Posted by Matt Cahill on May 25th, 2010 and filed under Featured Articles, Research Updates, Uncategorized. You can follow any responses to this entry through the RSS 2.0. You can leave a response or trackback to this entry from your site
sleepI’m pretty sure you’re well aware of the importance of a good nights sleep with regards to in-gym performance and post-gym recovery, but it also plays a huge role in body composition. In fact, some brand new research from the Leiden University Medical Center in Holland has suggested that just one night of bad sleep can upset insulin sensitivity even in otherwise healthy subjects.
The researchers wanted to see if there may be a connection between the current general health statuses of the western countries (including the rise of type 2 diabetes) and the fact that most of these people are not sleeping for sufficient durations of time. Whether it be nightclubs, late-night TV, children, insomnia and restlessness or whatever, these effects seem to be adding up. To investigate this, the researchers used a very small sample of nine healthy men and women and let them sleep for what is considered a “standard” eight hours sleep. They were examined using a glucose clamp in order to assess their insulin sensitivity. Using this as a baseline, the researchers then re-examined the subjects after they had a shortened four hour sleep the following night, with the results indicating reduced peripheral insulin sensitivity.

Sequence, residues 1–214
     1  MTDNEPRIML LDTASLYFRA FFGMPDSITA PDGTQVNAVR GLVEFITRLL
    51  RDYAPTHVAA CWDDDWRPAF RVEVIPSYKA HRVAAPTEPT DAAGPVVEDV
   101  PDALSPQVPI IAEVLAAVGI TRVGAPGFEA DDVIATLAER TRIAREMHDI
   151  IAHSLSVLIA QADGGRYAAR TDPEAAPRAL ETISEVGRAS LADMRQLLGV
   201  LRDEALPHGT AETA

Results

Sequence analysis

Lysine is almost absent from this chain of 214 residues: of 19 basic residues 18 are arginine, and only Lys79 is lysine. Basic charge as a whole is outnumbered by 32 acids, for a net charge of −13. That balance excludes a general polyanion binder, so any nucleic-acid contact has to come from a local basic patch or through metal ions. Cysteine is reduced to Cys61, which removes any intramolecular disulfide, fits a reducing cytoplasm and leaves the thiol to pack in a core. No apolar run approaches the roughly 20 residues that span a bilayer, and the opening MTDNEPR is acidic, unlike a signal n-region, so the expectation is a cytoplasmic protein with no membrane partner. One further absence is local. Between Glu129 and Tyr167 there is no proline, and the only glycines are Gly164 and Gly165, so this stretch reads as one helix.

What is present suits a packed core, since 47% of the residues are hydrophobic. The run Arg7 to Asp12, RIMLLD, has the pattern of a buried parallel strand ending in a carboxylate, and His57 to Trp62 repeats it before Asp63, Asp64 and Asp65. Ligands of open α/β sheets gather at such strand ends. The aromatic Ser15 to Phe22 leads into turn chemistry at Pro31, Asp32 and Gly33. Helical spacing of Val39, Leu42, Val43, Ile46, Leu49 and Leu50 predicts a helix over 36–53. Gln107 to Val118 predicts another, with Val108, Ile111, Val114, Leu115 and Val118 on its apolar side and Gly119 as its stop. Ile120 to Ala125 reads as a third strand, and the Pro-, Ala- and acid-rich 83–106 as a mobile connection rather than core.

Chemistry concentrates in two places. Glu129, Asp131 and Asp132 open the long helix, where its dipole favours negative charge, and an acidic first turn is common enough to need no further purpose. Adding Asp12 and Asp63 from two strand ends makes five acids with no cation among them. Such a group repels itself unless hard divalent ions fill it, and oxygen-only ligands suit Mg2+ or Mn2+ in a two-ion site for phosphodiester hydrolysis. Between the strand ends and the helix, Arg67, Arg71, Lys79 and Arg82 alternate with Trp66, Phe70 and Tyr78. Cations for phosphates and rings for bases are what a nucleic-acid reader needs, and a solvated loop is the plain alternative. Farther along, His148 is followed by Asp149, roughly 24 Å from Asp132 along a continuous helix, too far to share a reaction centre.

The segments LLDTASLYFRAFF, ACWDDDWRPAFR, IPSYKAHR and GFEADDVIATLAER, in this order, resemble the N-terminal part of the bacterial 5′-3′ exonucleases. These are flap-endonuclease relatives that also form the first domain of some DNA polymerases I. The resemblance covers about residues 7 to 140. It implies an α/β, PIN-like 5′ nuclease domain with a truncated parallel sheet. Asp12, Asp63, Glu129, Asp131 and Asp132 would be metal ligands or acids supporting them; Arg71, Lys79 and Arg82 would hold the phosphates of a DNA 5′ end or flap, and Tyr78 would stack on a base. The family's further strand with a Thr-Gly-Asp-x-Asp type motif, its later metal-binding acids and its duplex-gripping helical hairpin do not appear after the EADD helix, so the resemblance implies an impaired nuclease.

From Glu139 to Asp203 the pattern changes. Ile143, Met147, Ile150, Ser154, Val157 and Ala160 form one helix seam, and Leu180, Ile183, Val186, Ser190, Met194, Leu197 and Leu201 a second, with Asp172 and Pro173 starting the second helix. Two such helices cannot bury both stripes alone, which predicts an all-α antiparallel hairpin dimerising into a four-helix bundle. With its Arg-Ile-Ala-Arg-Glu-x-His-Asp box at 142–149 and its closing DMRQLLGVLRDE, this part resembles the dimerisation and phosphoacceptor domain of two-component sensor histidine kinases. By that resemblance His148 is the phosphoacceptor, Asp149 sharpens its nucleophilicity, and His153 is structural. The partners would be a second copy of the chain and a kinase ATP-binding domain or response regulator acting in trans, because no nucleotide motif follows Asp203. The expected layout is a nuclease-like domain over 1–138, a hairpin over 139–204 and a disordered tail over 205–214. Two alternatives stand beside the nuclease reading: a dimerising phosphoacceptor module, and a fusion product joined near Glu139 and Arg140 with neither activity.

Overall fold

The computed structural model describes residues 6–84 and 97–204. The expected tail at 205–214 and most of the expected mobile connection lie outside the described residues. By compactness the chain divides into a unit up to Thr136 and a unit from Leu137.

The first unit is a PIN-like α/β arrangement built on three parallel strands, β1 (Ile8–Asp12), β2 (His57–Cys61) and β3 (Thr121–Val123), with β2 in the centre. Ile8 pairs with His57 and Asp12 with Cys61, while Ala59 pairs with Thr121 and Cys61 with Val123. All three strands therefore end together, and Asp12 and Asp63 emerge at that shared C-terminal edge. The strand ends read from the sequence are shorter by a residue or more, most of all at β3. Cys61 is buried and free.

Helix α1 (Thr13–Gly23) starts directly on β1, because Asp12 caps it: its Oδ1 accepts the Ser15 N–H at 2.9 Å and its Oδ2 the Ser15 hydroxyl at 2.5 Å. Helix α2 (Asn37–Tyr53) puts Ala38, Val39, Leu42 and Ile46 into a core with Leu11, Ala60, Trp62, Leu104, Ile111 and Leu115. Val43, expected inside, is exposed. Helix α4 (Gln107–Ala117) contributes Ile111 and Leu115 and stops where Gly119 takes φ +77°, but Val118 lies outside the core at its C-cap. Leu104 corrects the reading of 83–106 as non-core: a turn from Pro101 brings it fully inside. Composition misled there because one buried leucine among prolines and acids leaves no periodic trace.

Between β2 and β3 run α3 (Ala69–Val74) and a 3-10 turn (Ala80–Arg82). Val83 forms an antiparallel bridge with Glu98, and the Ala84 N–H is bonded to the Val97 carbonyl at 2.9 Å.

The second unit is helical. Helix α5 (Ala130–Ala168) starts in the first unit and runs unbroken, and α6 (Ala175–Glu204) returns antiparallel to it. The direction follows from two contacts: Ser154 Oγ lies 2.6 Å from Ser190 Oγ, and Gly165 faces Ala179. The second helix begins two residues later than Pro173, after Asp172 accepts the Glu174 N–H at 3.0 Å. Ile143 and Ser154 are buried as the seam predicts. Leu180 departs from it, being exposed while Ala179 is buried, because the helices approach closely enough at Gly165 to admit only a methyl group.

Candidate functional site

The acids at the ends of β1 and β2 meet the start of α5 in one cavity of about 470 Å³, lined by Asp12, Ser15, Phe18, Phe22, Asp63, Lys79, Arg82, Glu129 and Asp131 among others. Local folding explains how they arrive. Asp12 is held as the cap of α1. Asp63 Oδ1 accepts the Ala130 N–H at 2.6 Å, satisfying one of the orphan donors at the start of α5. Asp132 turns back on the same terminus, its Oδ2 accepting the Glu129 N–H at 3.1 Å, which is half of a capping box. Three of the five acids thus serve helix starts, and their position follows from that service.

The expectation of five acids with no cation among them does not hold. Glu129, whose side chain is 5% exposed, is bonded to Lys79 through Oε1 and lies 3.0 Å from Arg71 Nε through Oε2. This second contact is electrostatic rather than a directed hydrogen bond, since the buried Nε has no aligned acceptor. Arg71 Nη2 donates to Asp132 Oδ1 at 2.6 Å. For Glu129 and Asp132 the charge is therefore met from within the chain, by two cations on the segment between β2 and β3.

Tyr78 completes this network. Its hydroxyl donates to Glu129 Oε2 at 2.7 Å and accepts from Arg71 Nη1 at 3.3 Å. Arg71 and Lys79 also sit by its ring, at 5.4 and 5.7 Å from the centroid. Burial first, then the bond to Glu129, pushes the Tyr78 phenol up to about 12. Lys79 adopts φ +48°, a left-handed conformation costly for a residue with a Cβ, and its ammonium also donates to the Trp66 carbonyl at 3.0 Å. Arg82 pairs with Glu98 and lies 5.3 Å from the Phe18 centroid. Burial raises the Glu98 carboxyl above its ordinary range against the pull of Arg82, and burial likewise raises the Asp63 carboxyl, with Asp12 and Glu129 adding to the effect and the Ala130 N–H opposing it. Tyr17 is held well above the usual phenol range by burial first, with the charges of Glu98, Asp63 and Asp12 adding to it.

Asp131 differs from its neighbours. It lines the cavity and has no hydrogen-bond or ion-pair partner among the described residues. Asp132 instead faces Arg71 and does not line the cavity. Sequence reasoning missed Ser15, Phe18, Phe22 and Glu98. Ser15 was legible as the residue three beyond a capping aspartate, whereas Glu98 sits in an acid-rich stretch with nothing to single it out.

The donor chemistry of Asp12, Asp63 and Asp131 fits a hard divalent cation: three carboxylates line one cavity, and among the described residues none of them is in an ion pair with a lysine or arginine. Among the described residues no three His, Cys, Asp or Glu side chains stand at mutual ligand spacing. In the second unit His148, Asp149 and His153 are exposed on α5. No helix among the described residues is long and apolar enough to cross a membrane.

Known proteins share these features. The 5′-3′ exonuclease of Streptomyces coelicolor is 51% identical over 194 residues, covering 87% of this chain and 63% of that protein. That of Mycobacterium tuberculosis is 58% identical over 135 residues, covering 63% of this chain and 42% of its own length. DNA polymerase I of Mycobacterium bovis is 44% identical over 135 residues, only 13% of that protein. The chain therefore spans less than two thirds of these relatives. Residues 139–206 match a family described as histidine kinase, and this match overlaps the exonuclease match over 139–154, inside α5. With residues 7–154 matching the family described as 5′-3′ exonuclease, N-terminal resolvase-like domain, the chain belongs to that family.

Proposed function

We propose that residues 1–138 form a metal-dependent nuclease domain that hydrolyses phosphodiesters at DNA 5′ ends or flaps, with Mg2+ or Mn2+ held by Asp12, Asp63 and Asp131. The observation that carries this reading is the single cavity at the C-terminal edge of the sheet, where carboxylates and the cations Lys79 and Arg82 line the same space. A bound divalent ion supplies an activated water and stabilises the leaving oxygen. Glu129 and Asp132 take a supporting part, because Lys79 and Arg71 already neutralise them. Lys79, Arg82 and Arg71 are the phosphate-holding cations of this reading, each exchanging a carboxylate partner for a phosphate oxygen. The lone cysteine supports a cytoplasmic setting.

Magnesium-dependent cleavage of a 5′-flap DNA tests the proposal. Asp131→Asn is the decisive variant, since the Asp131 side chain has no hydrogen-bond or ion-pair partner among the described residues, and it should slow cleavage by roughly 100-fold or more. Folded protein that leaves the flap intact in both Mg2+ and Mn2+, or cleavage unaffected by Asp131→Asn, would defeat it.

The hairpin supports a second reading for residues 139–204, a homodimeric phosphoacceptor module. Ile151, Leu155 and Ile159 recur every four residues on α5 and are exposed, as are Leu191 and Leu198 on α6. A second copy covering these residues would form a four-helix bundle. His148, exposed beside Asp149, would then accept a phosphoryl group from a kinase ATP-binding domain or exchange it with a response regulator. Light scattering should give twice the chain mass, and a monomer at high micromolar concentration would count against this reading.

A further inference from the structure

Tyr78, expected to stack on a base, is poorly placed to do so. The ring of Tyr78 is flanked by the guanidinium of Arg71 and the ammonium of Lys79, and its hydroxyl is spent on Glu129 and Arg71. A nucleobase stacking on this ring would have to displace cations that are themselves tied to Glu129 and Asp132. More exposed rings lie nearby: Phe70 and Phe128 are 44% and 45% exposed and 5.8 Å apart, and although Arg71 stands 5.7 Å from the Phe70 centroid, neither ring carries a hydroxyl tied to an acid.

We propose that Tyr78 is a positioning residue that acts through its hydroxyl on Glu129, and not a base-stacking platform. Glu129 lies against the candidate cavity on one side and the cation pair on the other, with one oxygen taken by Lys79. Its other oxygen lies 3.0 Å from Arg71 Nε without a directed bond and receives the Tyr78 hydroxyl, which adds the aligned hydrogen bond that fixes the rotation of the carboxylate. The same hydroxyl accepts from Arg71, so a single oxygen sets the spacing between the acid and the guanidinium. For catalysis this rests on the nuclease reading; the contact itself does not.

I am interested in seeing what sort of effect cat-napping has on glucose tolerance. I am also interested in learning whether this effect manifests in people who are conditioned to staggered sleeping patterns, such as shift workers and the military. Thankfully, the researchers agree that more exploration is required so hopefully I’ll be able to update you all with information as it comes out.
Source: Donga E, van Dijk M, van Dijk JG, Biermasz NR, Lammers GJ, van Kralingen KW, Corssmit EP, Romijn JA. A Single Night of Partial Sleep Deprivation Induces Insulin Resistance in Multiple Metabolic Pathways in Healthy Subjects. J Clin Endocrinol Metab. 2010 Apr 6.